Figure 1 - Wall, window & door framing
The most convenient method of construction is to build the frame on the floor or ground and hoist it into position. The length of the wall that can be constructed on the ground is only relative to the number of people available to lift the wall or partition into position.
There are numerous ways to construct the corner post of a stud wall or partition, the major deciding factor is whether or not the inside and outside of the structure will have a finished sheet of plywood, drywall or other sheathing material.
Figure 2 - Corner using two 2 x 4 pieces of lumber
Figure 2 shows a corner post configured with two 2 X 4 pieces of lumber. This configuration only allows for nailing on the outside of the structure. This may be acceptable for garages and sheds.
Figure 3 - Corner using three 2 x 4 pieces of lumber
With the corner post configuration shown in figure 3, sheathing can be nailed to both the inside and outside corners of the structure.
This method requires that one of the upright studs be added after the walls are erected. Hence the complete wall cannot be constructed on the floor and raised into position.
Figure 4 - Preferred method of corner construction
The preferred method of constructing a corner is shown in Figure 4. It allows for sheathing to be nailed to both sides of the wall and each wall section can be constructed on the floor and raised into position.
All exterior walls need to be braced in some manner. The traditional methods involved adding diagonal members from the top of the corner to a point on the lower plate. With the advent of exterior plywood and OSB sheathing, it is no longer necessary to apply bracing. However, if you are not using exterior plywood or OSB sheathing you should install bracing at the corners of all the exterior walls.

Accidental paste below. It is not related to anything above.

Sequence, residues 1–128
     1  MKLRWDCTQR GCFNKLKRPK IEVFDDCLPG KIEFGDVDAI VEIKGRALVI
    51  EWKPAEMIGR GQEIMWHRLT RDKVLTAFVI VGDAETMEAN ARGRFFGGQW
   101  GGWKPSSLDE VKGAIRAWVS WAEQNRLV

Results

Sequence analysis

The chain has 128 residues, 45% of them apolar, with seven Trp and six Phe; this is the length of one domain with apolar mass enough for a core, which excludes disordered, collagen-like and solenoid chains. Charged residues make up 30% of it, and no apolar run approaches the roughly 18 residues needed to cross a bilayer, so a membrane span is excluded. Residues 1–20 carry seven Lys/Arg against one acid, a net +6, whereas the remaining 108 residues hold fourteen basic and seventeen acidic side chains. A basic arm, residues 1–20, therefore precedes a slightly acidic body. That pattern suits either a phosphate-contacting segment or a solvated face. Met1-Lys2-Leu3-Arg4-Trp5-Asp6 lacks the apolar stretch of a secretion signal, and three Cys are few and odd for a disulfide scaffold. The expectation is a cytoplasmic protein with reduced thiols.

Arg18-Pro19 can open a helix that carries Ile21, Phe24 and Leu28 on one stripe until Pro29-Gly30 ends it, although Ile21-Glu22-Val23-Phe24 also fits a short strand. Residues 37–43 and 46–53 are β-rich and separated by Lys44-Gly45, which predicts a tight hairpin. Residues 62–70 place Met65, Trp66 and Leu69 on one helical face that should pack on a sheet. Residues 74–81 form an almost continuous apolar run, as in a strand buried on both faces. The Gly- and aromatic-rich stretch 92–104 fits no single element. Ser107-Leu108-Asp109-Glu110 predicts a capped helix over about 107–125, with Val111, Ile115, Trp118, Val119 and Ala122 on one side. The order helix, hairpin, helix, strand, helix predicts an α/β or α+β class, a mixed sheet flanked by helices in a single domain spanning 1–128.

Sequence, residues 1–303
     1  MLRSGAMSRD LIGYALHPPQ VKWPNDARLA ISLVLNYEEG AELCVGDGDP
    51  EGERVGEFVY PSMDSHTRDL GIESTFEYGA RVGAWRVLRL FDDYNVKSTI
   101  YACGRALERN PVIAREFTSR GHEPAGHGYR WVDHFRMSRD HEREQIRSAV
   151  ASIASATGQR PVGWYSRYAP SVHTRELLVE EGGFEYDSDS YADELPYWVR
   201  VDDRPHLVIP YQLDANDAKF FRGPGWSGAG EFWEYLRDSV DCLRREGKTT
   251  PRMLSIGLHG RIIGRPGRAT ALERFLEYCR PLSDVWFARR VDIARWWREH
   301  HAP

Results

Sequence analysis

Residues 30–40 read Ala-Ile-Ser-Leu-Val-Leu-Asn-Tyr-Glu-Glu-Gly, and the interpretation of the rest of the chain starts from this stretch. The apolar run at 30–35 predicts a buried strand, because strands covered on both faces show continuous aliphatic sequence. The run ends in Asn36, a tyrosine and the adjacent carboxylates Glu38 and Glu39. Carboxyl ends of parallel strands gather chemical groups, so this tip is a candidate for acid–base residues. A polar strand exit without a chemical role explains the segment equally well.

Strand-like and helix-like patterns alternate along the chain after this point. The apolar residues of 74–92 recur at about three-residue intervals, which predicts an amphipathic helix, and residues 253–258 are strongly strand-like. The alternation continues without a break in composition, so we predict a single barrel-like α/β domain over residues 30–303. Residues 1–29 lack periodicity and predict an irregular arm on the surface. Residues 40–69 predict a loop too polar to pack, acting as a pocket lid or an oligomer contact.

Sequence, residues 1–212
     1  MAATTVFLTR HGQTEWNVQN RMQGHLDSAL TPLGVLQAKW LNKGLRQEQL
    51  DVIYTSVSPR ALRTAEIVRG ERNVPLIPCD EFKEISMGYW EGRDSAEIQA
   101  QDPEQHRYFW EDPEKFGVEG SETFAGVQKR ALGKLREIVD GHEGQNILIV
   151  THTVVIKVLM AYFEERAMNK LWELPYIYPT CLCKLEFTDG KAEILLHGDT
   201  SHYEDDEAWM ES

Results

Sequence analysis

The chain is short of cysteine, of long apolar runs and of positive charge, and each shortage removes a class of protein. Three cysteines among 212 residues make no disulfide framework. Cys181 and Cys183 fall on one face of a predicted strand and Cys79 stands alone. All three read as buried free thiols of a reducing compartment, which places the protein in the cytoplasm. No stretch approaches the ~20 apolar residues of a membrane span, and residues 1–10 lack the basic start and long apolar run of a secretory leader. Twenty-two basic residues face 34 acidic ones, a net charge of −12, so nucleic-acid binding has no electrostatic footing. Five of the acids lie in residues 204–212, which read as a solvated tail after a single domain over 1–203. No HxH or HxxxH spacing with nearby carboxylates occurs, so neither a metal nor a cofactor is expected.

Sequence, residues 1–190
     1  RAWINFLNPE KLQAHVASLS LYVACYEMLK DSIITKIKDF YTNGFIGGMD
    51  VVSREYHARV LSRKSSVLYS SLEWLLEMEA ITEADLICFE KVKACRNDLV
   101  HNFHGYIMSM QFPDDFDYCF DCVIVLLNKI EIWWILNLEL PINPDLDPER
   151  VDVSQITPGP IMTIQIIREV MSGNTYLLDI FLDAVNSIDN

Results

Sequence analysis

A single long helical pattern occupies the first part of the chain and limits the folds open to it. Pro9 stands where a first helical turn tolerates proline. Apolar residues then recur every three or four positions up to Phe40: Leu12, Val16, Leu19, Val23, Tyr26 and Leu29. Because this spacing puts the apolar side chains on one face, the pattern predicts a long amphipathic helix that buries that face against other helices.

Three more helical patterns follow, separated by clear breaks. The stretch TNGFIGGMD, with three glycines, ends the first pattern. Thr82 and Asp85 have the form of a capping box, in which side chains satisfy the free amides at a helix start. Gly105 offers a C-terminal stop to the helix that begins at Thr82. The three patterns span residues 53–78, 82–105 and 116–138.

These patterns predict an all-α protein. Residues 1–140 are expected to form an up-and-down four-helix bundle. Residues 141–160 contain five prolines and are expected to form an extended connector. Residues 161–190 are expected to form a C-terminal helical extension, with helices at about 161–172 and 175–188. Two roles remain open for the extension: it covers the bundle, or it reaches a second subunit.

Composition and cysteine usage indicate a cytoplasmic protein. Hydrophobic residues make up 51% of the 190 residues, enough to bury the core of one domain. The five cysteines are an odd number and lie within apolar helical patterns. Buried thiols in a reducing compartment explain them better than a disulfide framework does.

There are two methods of installing bracing:
Figure 5 - Cut-in wall bracing
Cut-in bracing, as shown in Figure 5, utilizes pieces of lumber the same dimensions as the studs and is installed between the studs on a diagonal.
The biggest advantage to this style of bracing is that it can be installed while the stud wall is being put together on the floor and hoisted into position.
Figure 6 - Plank bracing a wall
Unlike cut-in bracing, plank bracing, as shown in Figure 6, ties walls at right angles to one another together. Usually a 1 X 6 is used. Plank bracing is installed after the walls are erected. Each stud and plate is cut and notched so that the plank sits flush with the outside of the studs.
Plank bracing is labor intensive, but extremely strong.